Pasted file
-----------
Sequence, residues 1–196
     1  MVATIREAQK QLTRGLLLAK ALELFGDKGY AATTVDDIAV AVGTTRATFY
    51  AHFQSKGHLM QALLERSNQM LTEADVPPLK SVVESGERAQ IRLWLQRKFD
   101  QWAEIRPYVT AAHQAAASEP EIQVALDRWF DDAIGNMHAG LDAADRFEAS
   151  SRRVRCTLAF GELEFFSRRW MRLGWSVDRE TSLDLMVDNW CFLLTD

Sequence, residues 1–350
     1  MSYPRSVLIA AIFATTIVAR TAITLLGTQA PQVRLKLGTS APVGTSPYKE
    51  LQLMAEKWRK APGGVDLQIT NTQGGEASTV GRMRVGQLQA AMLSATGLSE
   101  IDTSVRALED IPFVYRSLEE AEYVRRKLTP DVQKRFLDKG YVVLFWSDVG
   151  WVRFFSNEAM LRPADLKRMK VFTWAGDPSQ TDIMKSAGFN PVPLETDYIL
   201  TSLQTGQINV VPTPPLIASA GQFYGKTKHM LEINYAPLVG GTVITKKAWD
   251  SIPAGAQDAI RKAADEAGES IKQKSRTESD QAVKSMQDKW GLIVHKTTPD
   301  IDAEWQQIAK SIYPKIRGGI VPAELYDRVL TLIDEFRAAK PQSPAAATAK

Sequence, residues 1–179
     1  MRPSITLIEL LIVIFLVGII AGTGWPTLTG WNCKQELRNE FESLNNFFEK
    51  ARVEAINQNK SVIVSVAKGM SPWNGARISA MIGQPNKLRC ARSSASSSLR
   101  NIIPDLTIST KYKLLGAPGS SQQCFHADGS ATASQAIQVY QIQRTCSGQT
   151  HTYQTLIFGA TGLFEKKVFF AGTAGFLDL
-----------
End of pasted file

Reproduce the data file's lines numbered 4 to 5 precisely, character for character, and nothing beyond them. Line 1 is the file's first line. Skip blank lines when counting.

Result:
   101  QWAEIRPYVT AAHQAAASEP EIQVALDRWF DDAIGNMHAG LDAADRFEAS
   151  SRRVRCTLAF GELEFFSRRW MRLGWSVDRE TSLDLMVDNW CFLLTD